In short, when you mortgage is sold from one lender to another it does not change the terms of your loan or your monthly payment. You may make your payment to a new mortgage servicer -- the company that collects your payment and manages your loan -- but your mortgage terms including your payment, interest rate, loan features and length remain unchanged. Additionally, the new lender or servicer is your point of contact if you have any questions about your loan.
Your new lender cannot charge you a higher mortgage rate, increase your monthly payment or impose fees and penalties unless permitted by your original mortgage note, which is the document you signed when you obtained your loan. Your mortgage may be sold or transferred multiple times over the course of your loan but the terms outlined in your mortgage note remain intact unless both you and the lender agree to modify them. A lender cannot unilaterally change the terms of a mortgage without the written consent of the borrower.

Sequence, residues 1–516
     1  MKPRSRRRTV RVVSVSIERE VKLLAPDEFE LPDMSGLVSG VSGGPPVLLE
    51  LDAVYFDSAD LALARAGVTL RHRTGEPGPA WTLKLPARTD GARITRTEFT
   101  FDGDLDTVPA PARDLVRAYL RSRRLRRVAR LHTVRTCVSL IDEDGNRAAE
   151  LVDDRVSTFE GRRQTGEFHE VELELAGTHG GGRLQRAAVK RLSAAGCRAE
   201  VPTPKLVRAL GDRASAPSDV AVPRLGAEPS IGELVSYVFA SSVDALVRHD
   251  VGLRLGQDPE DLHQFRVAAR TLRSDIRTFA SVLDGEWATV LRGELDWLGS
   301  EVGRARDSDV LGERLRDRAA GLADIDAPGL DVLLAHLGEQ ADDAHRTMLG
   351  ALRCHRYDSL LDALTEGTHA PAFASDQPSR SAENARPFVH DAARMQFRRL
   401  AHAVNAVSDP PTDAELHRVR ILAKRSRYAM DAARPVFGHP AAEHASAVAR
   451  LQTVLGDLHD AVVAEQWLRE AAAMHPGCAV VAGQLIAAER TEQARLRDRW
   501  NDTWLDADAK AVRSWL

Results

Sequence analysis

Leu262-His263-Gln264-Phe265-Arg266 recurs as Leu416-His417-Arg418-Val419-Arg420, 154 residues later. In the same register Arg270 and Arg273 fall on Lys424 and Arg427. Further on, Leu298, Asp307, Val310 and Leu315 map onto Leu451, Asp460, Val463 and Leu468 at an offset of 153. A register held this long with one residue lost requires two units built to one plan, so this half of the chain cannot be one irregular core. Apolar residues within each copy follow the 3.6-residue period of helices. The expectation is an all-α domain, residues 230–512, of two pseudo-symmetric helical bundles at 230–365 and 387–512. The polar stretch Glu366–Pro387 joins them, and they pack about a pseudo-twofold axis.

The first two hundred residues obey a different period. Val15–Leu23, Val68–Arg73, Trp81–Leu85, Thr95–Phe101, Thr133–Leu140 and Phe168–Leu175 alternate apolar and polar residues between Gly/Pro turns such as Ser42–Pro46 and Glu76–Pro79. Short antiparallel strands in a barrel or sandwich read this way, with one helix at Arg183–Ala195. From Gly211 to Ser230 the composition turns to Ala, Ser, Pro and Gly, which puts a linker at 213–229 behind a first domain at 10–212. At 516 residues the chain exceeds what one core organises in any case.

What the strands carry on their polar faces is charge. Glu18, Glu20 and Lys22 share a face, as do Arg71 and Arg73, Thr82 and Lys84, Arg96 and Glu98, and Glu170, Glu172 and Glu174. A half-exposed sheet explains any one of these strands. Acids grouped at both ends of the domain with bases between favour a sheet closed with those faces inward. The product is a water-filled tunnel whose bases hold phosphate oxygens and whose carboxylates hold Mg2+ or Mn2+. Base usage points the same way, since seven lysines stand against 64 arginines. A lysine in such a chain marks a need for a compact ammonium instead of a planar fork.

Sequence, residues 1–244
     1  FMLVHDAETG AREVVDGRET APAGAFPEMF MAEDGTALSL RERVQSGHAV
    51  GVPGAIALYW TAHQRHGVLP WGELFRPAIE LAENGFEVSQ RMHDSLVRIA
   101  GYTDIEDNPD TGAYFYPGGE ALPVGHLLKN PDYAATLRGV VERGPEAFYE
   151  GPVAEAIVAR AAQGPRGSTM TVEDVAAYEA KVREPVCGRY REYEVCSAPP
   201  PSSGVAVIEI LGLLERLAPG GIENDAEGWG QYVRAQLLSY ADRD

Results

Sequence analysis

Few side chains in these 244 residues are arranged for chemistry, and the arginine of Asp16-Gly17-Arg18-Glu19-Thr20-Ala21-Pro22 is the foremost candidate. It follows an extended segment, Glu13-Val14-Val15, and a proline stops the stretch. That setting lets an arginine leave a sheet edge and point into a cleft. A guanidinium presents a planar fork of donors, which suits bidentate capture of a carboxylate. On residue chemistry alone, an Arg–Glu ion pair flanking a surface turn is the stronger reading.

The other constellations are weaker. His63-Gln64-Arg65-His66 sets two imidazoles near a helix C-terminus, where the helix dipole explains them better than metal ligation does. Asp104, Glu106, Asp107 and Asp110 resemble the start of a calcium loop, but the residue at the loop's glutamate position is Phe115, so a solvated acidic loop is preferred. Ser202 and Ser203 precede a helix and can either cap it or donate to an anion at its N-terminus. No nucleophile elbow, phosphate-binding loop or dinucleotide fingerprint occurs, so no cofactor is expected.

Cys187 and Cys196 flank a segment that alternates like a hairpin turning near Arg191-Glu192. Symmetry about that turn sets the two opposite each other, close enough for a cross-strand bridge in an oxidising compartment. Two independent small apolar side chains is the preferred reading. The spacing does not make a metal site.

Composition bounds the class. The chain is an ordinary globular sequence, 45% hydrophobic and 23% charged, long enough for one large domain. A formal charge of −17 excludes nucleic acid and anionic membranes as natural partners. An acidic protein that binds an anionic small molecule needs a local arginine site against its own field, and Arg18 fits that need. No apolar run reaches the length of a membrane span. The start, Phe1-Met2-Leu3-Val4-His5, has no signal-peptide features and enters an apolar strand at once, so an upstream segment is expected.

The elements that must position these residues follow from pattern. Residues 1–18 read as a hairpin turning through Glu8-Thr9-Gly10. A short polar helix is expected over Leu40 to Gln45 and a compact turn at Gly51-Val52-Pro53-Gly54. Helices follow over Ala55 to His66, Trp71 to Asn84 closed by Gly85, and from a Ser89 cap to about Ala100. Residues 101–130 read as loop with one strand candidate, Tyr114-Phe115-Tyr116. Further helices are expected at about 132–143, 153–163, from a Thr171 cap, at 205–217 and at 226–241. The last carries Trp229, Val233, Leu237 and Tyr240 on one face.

Please note that any outstanding late fees, penalties or past-due payments on your account are transferred to the new lender when your mortgage is sold but your new lender cannot impose any additional charges or fees unless they are stipulated in your mortgage note.
Your current or new lender may also increase your monthly payment -- at least temporarily -- to address any shortage in your impound or escrow account, but again, the mechanism for solving an impound account deficiency should be outlined in your mortgage note. Additionally, your monthly loan statement or other correspondence from the lender (or even a brief phone conversation) should enable you to understand if your payment increased due to an impound account related issue.
If you notice any unexplained differences in your monthly payment or statement after your loan is sold to a new lender then I recommend that you review your mortgage note to understand why the changes occurred. If you cannot determine the cause of the changes and you think the lender is not abiding by the terms of your original mortgage note then contact the lender and ask for an explanation.
If you cannot resolve the situation by speaking with your new lender then you should contact your state attorney general or the Consumer Financial Protection Bureau (CFPB) to look into the matter more closely. These entities can review your situation, help you understand your rights and look into potential instances of lender fraud. I have included information for the CFPB below.
CFPB Contact Information Website
“What happens if my mortgage is sold? Is my loan safe?” CFPB. Consumer Financial Protection Bureau, August 5 2016. Web.